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Jensen, Merrill; Kaminski, John P.; Saladino, Gaspare J. (ed.) / Ratification of the Constitution by the states: Pennsylvania
(1976)

IV. The aftermath of ratification in Pennsylvania,   pp. [641]-645


Page 644

IV. AFTERMATH OF RATIFICATION
the controversy over the mails, see CC:Vol. III, Appendix, and
Mfm:Pa. 372, 394.)
While the Antifederalists published more than the Federalists after
15 December 1787, the Federalists counterattacked vigorously. Much
of their fire was focused on Benjamin Workman, the author of "Phila-
delphiensis," and a tutor in mathematics at the University of Penn-
sylvania, which, under its provost, the Reverend Dr. John Ewing,
was an Antifederalist stronghold (for examples, see Mfm:Pa. L19, 552,
579, 590, 603, 632, 646, 654). Nor did the Federalists forget their old an-
tagonist "Centinel," whom they believed to be Justice George Bryan
of the state Supreme Court.
Late in March they published two letters in the Pennsylvania
Gazette, purportedly written by Bryan. The "letters" were prefaced
with a statement referring to "Centinel" as an "indefatigable Monster,"
ever zealous in the production of mischief. Moreover, the letters were
supposedly written to John Ralston of Northampton County, "one
of the sourest, narrowest, and most illiterate creatures in the state."
The Federalists also branded Bryan as a sower of sedition, who, with
the help of out-of-state incendiaries, was bent upon starting a civil
war (Mfm:Pa. 575, 599, 600).
Some Antifederalists declared that the letters were fraudulent and
unfair attacks upon two worthy and patriotic individuals, while others
declared that the letters showed how Federalists controlled the post
offices and intercepted private correspondence. Such Federalist ac-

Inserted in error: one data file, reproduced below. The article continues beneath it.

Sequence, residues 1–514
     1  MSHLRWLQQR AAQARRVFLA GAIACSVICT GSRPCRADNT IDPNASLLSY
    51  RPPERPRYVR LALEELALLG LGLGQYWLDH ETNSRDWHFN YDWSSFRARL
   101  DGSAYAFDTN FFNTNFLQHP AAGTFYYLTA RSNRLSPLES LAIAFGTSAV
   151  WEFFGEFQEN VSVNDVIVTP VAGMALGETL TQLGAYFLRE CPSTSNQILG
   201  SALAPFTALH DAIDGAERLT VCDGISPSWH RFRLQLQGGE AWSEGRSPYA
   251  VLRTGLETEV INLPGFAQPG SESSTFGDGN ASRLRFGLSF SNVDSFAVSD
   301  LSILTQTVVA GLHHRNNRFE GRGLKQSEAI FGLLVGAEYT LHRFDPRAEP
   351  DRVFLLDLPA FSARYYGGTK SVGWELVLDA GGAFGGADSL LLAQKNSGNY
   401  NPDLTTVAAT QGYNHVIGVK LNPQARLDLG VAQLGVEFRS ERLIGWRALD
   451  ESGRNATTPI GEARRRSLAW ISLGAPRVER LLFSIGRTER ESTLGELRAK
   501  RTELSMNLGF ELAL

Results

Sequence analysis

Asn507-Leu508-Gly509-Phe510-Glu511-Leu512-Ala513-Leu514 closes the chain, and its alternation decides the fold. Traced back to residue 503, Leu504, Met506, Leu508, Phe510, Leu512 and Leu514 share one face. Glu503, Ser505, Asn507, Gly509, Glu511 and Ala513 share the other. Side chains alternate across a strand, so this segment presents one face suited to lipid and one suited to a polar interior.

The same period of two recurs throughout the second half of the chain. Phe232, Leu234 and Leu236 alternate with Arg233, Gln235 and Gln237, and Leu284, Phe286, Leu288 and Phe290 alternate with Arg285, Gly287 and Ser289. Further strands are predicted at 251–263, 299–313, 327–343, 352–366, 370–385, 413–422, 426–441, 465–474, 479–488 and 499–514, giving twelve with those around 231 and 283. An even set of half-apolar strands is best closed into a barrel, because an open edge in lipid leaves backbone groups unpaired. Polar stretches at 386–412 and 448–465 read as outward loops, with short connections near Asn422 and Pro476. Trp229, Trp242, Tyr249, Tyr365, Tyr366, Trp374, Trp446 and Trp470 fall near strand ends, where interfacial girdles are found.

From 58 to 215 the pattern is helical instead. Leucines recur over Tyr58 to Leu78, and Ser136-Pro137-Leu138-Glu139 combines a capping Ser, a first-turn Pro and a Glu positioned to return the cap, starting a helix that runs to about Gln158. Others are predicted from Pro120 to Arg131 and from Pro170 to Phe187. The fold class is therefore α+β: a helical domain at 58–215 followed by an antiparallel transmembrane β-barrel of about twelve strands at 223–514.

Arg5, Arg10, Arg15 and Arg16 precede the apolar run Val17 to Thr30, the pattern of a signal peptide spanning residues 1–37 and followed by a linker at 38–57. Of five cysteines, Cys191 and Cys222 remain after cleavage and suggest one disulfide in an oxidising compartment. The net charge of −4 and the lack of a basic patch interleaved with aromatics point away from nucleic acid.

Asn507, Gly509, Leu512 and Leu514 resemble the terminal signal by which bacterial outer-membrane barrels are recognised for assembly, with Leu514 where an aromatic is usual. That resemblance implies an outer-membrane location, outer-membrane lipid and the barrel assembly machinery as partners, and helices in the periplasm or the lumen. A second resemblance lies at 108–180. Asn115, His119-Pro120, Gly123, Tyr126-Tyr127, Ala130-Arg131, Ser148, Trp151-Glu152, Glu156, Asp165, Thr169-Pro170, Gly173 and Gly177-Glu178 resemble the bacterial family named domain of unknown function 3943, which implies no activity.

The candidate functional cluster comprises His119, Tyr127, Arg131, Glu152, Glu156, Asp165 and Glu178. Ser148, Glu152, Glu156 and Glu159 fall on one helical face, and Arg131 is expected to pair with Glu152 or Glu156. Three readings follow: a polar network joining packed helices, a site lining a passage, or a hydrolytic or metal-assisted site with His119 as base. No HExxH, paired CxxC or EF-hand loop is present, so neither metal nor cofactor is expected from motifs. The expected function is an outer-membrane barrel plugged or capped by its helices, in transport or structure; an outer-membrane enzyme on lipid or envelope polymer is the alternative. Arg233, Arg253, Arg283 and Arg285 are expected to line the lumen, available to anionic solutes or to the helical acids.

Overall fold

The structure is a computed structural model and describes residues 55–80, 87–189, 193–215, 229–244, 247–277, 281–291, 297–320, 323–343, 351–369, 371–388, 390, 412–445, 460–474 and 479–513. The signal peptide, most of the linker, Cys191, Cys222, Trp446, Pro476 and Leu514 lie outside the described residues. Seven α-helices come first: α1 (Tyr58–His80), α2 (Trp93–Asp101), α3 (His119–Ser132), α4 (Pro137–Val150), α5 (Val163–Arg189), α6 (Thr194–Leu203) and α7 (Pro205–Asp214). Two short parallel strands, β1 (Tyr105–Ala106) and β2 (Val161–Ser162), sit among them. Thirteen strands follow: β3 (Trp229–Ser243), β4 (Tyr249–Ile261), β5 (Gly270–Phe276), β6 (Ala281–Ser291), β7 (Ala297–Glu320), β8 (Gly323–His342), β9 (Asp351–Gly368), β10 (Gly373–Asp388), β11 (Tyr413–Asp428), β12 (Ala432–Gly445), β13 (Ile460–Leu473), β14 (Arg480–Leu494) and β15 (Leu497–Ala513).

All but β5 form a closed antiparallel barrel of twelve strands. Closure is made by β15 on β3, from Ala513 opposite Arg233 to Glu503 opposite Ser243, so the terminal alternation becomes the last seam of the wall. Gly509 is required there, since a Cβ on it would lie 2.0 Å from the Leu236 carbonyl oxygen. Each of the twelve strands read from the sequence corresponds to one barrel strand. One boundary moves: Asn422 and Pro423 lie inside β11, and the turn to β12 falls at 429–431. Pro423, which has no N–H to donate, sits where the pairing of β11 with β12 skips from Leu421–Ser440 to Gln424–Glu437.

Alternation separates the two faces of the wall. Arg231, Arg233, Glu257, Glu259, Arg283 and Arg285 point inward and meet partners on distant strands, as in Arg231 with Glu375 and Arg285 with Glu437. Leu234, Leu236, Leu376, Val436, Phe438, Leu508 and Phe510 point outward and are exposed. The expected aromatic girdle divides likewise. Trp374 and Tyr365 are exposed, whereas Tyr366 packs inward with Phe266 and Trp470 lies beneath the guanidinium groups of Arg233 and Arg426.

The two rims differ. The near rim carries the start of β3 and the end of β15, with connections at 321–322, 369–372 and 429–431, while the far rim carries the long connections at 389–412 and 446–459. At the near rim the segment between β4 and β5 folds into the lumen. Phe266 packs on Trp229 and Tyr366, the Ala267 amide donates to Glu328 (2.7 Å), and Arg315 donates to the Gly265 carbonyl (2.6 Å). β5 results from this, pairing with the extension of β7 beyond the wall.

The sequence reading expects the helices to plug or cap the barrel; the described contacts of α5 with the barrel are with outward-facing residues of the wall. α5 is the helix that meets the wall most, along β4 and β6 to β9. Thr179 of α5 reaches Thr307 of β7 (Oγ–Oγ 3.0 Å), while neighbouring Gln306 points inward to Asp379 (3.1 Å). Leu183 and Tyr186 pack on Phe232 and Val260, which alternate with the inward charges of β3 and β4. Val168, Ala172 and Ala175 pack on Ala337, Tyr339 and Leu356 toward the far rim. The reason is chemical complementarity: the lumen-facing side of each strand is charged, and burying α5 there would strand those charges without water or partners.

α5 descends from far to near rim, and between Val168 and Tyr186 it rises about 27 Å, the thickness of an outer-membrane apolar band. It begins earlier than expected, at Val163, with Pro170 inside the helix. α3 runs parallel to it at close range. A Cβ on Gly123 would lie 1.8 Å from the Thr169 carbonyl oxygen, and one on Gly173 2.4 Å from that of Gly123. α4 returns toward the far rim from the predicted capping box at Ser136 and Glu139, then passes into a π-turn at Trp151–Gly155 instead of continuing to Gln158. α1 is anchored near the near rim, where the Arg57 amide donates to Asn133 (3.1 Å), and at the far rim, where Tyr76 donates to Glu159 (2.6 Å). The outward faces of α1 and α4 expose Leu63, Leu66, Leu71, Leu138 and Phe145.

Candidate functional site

tivity, they said, along with the stoppage of newspapers and the cam-
paign against amendments, was yet another conspiracy against the
rights and liberties of the people (Mfm:Pa. 582, 595, 609, 617)
The fake letter or essay was common in the months following ratifi-
cation of the Constitution. For instance, on 16 February the Federalist
Pennsylvania Mercury, which allegedly employed Benjamin Rush as
one of its writers, published a bogus "Centinel" XV, which circulated
throughout the United States (see Commentaries on the Const itution).
Five days later the Mercury published the first of eight "Letters of
Margery" (i.e., George Bryan), described by William Findley as "trifl-
ing and scurrilous" (Mfm:Pa. 444, 507). In turn, according to Findley,
the Antifederalist Independent Gazetteer "produced the more masterly
though perhaps not less scurrilous" purported exchange of four letters
between "James de Caledonia" (i.e., James Wilson) and James
Bowdoin, former governor of Massachusetts (Mfm:Pa. 457, 481, 512,
522). Shortly afterwards, the Antifederalist Freeman's Journal pub-
lished two purported letters from Benjamin Rush to Alexander
Hamilton (Mfm:Pa. 487).
644


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